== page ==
four-half-stars

About Fiona Davis

Fiona Davis is the nationally bestselling author of THE MASTERPIECE, THE DOLLHOUSE and THE ADDRESS. She began her career in New York City as an actress, where she worked on Broadway, off-Broadway, and in regional theater. After getting a master’s degree at Columbia Journalism School, she fell in love with writing, leapfrogging from editor to freelance journalist before finally settling down as an author of historical fiction. Visit her at www.fionadavis.net, facebook.com/FionaDavisAuthor/ and on Instagram and Twitter @fionajdavis.

Review: CILKA’S JOURNEY by Heather Morris

Review:  CILKA’S JOURNEY by Heather MorrisCilka's Journey by Heather Morris
four-half-stars
Series: The Tattooist of Auschwitz #2
Published by St. Martin's Press on October 1, 2019
Genres: Historical Fiction
Pages: 352
Source: Netgalley
Amazon | Barnes & Noble | The Book Depository
Goodreads

FTC Disclosure: I received a complimentary copy of this book from Netgalley. All opinions are my own.

 

 

 

 

 

 

 

CILKA’S JOURNEY Review

 

Cilka’s Journey by Heather Morris is the heart-wrenching story of Cilka Klein, who in 1942, at the age of sixteen, is sent to Auschwitz-Birkenau Concentration Camp.  Cilka is a beautiful girl and her beauty catches the eye of some of the guards at the camp, who decide to separate her from her fellow prisoners.  By playing the role these men want her to play, Cilka manages to survive three years in the camp until it is liberated.  Unfortunately, young Cilka’s harrowing journey has just begun.  She is arrested by the Russians, charged as a collaborator for sleeping with the enemy (even though she had no choice in the matter) and is sent to prison for 15 years in Siberia.

While Cilka’s Journey itself is a work of historical fiction, it is based on a true story and as such is just all the more heartbreaking to read.  Cilka is an incredibly sympathetic character. I liked her immediately because of the way she nurtures some of the younger prisoners.  It’s clear that she is a victim of an unfair system and I found myself immediately rooting for her to find a way to survive.  In showing what happens to Cilka from the moment she is arrested, Morris does an incredible job of exposing the many wrongs that all prisoners, but especially female prisoners, faced.  The abuse is rampant, both physical and sexual, the conditions they are kept in are barbaric, and the treatment is inhumane, making the Russians appear, in many ways, not very different from the Nazis.

I thought the pacing of the novel was excellent too.  Because I was so invested in Cilka and worried for her well-being, I was just glued to the book to see how things would turn out for her.

Thankfully though, it’s not all doom and gloom.  Morris shows that there are a few bright spots in Cilka’s life in spite of her prison sentence.  Her cellmates become somewhat of a “found family” for her, and she even befriends a female doctor at the hospital where she has been assigned to do administrative work because of her language skills.  And while working at the hospital, she meets someone who inspires her to think about her future and what her life could possibly be like once she is finally free.  It was nice to have moments like these woven into what is otherwise one heartbreak after another.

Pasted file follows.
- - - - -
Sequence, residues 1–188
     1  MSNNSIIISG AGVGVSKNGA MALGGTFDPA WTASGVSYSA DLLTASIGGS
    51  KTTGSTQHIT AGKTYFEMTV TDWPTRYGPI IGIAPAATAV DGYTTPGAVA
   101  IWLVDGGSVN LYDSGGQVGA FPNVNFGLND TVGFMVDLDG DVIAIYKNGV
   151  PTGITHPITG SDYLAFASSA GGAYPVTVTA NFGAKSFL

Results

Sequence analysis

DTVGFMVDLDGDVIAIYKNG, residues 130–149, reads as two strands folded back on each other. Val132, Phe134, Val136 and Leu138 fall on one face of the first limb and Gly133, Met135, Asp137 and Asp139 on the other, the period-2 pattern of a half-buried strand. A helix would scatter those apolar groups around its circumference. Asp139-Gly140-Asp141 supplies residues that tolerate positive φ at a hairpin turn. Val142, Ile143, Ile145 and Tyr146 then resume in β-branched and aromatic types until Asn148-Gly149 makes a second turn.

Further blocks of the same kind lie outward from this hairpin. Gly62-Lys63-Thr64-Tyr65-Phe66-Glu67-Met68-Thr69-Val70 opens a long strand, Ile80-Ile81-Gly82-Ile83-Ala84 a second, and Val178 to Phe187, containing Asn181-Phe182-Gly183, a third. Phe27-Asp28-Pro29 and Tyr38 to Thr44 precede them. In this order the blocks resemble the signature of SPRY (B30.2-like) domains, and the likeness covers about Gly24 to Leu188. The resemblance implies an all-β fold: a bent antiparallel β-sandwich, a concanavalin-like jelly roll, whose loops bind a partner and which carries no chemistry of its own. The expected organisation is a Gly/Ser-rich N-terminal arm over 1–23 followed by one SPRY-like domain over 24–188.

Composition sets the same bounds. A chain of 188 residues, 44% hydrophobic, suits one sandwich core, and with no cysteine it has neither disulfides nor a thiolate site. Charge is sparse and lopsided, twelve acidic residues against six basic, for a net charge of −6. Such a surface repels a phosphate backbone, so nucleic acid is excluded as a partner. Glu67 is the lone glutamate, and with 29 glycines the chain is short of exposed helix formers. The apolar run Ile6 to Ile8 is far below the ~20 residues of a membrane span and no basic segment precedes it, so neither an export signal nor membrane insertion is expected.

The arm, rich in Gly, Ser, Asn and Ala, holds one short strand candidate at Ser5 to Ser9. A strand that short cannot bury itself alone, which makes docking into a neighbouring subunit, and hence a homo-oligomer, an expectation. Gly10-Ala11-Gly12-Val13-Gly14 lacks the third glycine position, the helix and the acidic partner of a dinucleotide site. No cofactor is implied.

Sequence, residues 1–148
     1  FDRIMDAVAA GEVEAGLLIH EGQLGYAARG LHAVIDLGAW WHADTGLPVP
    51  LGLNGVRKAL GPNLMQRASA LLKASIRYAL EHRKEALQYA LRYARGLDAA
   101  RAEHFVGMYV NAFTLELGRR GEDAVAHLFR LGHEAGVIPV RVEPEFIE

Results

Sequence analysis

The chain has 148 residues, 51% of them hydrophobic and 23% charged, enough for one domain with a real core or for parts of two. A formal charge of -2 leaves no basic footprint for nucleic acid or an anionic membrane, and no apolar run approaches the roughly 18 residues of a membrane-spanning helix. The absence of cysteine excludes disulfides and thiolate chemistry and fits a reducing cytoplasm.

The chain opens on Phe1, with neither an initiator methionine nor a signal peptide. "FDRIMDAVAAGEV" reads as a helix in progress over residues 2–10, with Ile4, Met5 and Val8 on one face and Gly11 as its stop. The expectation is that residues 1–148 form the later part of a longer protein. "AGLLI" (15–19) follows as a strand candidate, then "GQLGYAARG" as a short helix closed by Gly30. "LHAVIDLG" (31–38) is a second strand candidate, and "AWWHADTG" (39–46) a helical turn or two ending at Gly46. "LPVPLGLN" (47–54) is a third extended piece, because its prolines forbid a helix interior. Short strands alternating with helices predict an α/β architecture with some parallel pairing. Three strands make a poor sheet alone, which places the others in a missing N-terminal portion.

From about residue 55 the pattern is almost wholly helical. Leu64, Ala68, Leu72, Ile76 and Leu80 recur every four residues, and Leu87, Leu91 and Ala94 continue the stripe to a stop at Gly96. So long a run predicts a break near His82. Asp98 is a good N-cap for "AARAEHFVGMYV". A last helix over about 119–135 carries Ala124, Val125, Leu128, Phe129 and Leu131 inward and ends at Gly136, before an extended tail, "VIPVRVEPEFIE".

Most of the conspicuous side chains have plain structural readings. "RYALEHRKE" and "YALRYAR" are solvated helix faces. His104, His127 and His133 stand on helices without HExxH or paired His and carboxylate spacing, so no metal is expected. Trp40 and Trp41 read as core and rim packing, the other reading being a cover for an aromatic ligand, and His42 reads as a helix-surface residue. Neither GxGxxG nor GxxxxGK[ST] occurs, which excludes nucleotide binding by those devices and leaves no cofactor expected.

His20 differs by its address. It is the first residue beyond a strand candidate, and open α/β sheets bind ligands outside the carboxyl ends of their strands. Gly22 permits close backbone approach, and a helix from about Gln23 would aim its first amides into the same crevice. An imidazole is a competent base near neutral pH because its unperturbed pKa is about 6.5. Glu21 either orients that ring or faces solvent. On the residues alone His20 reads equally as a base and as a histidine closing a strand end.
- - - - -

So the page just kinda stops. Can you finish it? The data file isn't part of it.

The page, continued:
With every page of Cilka’s Journey, Morris brings to life Cilka’s heart, her bravery, and her strength.  Her journey is filled with loss and grief, but also with resiliency and the will to live. And while Cilka’s Journey is a harrowing tale of survival, it is also ultimately a story of hope and love.

I didn’t realize when I requested Cilka’s Journey that it is a sequel to The Tattooist of Auschwitz, which I haven’t read yet.  Thankfully, however, it works quite well as a standalone and I highly recommend it to fans of historical fiction, especially from the WWII era.  It’s a powerful read, an emotional read, and one that will stick with you long after you’ve finished the last page.

 

GOODREADS SYNOPSIS:

From the author of the multi-million copy bestseller, The Tattooist of Auschwitz, comes the new novel based on an incredible true story of love and resilience.

Her beauty saved her life – and condemned her.

Cilka is just sixteen years old when she is taken to Auschwitz-Birkenau Concentration Camp, in 1942. The Commandant at Birkenau, Schwarzhuber, notices her long beautiful hair, and forces her separation from the other women prisoners. Cilka learns quickly that power, even unwillingly given, equals survival.

After liberation, Cilka is charged as a collaborator for sleeping with the enemy and sent to Siberia. But what choice did she have? And where did the lines of morality lie for Cilka, who was sent to Auschwitz when still a child?

In a Siberian prison camp, Cilka faces challenges both new and horribly familiar, including the unwanted attention of the guards. But when she makes an impression on a woman doctor, Cilka is taken under her wing. Cilka begins to tend to the ill in the camp, struggling to care for them under brutal conditions.

Cilka finds endless resources within herself as she daily confronts death and faces terror. And when she nurses a man called Ivan, Cilka finds that despite everything that has happened to her, there is room in her heart for love.

four-half-stars

About Heather Morris

Heather Morris is a Native of New Zealand now resident in Australia, working in a large public hospital in Melbourne. For several years she studied and wrote screenplays, one of which was optioned by an academy award winning Screenwriter in the U.S. In 2003, she was introduced to an elderly gentleman “who might just have a story worth telling”. She says the day she met Lale Sokolov changed her life, as their friendship grew and he embarked on a journey of self scrutiny, entrusting the inner most details of his life during the Holocaust. Morris originally wrote Lale’s story as a screenplay – which ranked high in international competitions – before reshaping it into her debut novel, The Tattooist of Auschwitz.